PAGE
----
Credit unions that converted to a bank charter to escape NCUSIF assessments may be disappointed by an FDIC report presented to its Board of Directors this week that said despite fewer bank failures, its assessments may not decrease for six years.
The fourth quarter 2011 report stated that even though the FDIC’s deposit insurance fund has increased to $11.8 billion as of Dec. 31, up from a nearly $21 billion deficit as of year-end 2009, the Dodd-Frank Act required the FDIC to increase its reserve ratio to 1.35% by 2020. As of 2011 year-end, the ratio was 0.17%.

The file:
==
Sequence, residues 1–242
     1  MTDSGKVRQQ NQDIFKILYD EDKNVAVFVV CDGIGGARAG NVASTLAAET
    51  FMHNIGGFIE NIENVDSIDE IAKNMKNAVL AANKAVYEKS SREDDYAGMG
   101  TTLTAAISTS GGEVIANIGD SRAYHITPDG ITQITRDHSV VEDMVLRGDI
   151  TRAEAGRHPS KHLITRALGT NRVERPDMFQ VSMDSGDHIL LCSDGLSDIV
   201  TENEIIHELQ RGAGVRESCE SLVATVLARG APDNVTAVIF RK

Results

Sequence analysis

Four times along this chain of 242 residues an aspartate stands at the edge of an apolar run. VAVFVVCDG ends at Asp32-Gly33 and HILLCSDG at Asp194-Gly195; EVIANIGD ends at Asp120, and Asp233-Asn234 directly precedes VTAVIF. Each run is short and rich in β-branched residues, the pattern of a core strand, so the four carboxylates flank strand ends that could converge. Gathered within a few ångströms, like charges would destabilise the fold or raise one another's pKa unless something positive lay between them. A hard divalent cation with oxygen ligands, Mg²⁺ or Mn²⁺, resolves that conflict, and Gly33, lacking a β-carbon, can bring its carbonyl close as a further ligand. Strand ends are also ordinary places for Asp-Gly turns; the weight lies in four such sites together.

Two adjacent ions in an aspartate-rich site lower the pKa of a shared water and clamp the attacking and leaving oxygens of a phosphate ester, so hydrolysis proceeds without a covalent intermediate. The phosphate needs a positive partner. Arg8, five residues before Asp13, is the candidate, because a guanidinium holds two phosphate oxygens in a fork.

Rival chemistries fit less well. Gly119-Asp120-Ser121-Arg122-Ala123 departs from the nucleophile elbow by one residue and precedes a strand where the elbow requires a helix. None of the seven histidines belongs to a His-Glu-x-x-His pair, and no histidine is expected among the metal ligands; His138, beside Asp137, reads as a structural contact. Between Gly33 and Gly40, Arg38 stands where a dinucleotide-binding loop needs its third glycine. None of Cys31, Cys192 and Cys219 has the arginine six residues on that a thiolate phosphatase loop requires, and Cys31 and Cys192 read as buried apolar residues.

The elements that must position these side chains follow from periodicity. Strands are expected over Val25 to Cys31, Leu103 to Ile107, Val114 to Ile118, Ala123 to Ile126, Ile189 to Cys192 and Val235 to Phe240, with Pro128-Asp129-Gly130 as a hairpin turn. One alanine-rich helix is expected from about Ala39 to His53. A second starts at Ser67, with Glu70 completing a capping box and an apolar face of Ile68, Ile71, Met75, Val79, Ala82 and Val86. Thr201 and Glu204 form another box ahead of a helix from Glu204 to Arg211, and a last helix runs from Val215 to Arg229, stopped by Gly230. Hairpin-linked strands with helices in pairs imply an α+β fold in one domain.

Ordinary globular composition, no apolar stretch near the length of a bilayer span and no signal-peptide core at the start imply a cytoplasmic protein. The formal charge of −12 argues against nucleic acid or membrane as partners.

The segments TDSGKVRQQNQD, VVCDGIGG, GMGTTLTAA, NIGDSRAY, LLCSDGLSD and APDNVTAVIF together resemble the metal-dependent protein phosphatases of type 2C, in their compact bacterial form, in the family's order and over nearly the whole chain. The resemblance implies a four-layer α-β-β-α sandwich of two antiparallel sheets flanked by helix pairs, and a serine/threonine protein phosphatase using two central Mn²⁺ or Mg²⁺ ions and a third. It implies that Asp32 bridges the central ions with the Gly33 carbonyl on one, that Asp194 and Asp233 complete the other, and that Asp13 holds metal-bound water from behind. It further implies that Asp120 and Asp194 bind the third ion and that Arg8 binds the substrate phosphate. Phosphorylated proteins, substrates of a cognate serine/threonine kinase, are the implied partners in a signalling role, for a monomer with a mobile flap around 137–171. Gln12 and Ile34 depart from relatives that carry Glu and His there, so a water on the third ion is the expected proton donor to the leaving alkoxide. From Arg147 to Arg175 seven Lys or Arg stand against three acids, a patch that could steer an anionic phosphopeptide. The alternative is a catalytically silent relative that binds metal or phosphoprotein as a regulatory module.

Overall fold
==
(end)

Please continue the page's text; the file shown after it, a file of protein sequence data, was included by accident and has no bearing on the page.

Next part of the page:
To meet the new requirement, FDIC staff told directors Monday that assessments may not decrease until the second half of 2018. Currently, FDIC-insured institutions pay between $3.3 billion and $3.45 billion in assessment premiums each quarter.
Depending upon a bank’s risk category that works out to between 5 and 35 basis points.